Oct 21, 2014
Getting Your Eyes Checked in Japan: Eyes Wide Open! Getting Your Eyes Checked in Japan
Getting your eyes checked, buying glasses, and stocking up on contacts are the kind of tasks that back home can be a bit of an irritation. Transplant yourself to a foreign land, swap your native tongue for something else, and such banal chores can turn into a full blown, Right, I’ve had enough of this country!, hassle.
It needn’t be thus. So, if those shop signs have started going blurry at the edges, or your arm no longer offers the extension you need to read a book, it’s time to get your peepers sorted. And there are plenty enough places to do this.
Those with tighter budgets should head for Zoff, Megane Ichiba or JINS. These nationwide stores are pretty ubiquitous, easy and simple. At Zoff, prices start as low as 3,000 yen. Megane Ichiba stocks famous brands with prices from 15,000 yen. JINS have English language information on their website To get your eyes tested, no appointment is needed, and you’ll be walking away with a pair of glasses within a couple of hours. The test process is pretty spartan and quite how tailored lenses are to your needs, is unclear, so if you’re condition is more complex, go to an eye clinic first (眼科/ganka). Testing is done using either the Landolt C chart or katakana alphabet. If you have a prescription from back home, bring it along by all means, but you’ll still need to get a check-up in the store.
Glasses are not covered by state insurance policies. However, if you buy frames and lenses in the above stores, your eyes are checked for free.
Getting contacts will require a visit to the eye clinic (no appointment needed in many), and a prescription. If you’re on a state insurance policy, this will be covered (a basic check-up costing around 500 yen, 3,000 yen without cover). If it’s your first time visiting, bring along your residence card and be prepared to write some personal details; name, address, D.O.B, phone number. You’ll be given a ‘members’ card from the clinic which will save you from any form filling the next time you go. As with the glasses, you’ll be required to read from a Landolt C chart. Once the initial checks have been completed, someone will take you through your contact lens options. For first timers, there will be a bit of a tutorial about how to put them in, as well as some practice at doing so. The final stage is a brief once over from the actual optician, then its back to reception to wait for your papers.
Great! You have a prescription! You’re now free to get some contacts. Well, free to a certain degree. That eye clinic you went to will either encourage you to buy lenses from their ‘in-house’ selection, or they will have a relationship with a store nearby and try and push you in that direction. You’re free to buy from any establishment you chose. However, once you hand over your prescription, it will not be returned and you’ll be committed to using the same store until your next eye test.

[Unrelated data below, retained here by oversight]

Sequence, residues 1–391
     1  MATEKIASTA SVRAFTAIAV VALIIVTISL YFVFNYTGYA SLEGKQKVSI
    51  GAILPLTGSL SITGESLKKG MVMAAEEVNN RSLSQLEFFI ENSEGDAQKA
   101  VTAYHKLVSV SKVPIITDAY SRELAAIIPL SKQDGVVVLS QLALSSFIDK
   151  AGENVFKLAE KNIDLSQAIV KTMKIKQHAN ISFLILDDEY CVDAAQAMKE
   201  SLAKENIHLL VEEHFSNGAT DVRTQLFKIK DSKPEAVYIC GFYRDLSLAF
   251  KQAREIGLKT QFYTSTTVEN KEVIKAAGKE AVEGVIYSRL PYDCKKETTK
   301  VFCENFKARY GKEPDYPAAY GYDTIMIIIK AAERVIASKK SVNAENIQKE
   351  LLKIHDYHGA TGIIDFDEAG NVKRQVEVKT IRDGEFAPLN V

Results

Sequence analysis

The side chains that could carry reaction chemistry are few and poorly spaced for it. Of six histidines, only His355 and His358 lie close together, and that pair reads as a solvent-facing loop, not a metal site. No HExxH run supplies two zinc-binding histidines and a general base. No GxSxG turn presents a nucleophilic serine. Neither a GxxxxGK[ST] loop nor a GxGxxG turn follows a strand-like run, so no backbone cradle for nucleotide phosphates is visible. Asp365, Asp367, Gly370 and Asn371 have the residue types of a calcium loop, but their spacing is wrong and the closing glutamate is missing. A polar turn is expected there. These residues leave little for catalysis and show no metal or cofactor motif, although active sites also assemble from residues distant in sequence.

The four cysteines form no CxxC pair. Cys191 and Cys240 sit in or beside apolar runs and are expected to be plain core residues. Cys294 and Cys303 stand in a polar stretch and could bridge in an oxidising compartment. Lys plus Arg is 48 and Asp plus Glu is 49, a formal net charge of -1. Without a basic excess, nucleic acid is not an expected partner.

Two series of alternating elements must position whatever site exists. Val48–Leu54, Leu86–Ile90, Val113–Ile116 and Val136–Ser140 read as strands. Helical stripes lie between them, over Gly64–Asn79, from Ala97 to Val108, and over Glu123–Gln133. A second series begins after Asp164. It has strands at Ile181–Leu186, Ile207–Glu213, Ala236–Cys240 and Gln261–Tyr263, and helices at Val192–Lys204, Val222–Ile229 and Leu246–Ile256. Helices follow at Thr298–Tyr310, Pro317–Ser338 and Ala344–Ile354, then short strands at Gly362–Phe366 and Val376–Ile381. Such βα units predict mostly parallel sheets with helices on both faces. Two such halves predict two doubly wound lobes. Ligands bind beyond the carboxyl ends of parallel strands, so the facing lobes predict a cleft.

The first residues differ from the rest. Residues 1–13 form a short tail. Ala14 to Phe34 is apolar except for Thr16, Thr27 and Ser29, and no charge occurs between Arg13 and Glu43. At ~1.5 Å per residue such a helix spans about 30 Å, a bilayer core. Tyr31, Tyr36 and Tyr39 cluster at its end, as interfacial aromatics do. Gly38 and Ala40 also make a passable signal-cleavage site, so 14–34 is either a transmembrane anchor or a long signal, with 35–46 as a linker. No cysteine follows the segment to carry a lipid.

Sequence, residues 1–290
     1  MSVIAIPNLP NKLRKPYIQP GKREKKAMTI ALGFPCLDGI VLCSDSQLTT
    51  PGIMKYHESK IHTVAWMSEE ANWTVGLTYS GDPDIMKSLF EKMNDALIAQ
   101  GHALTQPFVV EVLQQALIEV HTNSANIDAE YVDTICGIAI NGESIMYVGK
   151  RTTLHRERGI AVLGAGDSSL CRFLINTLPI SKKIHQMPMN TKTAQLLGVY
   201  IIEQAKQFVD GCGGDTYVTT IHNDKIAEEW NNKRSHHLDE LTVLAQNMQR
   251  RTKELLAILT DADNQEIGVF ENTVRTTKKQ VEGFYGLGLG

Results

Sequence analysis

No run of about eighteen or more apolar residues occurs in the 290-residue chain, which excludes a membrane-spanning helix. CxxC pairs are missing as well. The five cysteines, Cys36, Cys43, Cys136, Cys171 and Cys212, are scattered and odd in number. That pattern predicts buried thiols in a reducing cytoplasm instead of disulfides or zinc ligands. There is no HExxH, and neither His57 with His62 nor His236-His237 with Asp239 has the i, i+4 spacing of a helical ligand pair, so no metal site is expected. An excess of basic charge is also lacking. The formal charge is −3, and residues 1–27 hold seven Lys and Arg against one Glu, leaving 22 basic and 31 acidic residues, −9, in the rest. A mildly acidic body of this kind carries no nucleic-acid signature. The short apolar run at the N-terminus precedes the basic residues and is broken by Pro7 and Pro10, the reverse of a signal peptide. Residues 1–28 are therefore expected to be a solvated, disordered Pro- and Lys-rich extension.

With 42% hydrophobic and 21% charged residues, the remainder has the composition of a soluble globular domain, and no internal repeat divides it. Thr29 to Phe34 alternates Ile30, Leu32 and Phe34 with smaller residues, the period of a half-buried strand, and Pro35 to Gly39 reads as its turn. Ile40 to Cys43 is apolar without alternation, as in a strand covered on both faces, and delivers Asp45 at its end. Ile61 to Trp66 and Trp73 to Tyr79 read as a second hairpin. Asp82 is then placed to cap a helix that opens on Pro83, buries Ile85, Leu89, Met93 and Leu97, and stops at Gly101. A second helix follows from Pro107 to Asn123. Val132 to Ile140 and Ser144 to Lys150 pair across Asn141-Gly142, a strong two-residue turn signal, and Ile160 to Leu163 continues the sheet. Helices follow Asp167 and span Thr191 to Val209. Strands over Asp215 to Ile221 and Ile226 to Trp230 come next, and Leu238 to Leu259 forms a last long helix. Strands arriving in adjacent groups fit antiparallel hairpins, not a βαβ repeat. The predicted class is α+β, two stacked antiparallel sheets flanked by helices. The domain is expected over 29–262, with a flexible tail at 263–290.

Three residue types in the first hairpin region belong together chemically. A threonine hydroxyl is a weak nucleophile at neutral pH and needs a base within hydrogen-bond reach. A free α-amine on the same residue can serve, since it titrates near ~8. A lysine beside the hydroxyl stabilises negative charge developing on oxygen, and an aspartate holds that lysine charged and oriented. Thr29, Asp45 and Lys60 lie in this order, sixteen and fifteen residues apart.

At the store, you’ll be given another members card to lose. A member of staff will confirm your choice of lenses and ask you how many months worth you wish to buy (if you’re on disposables). Most stores have plans which mean the more you buy in one go, the cheaper the overall price. Confirm your order, and the lenses will be brought out promptly. A pack of 30, no-frills daily disposable lenses starts from around 3,000 yen. Cheap, permanent lenses can be found for under 10,000 yen (per lens).
There is no limit to how many lenses you can buy in one go. There is, however, a limit to the validity of your prescription, and after that date has passed (after 6 months) the next time you need contact lenses, you’ll have to have your eyes checked again.
A quick internet search will reveal a selection of eye clinics that have an English language service.
Experienced lens wearers who are looking to stick with lenses they used back home, often choose to shop online. The links below are popular.
http://www.lensmode.com/ (Japanese only).
I’d like to have my eyes checked. - 目の検査をお願いします- (mei no kensa wo onegaishimasu.)
I’m short sighted. - 近視です- (kinshi desu.)
I’m long sighted. - 遠視です - (enshi desu.)
I have distorted vision. - 乱視です - (ranshi desu.)
It feels uncomfortable. (When trying contact lenses.) - いわかんがあります- (iwakan ga arimasu.)
One day (disposable lens). - １日用 - (ichi nichi yo.)
2 week lens. - ２週間用 - (ni shukan yo.)
Monthly lens. - １ヶ月用 - (ikagetsu yo.)
My eyes are dry. - ドライアイです - (dorai ai desu.)
I have a prescription from my home country. - 自分の国の処方せんをもっています。- (jibun no kuni no shohousen wo moteimasu.)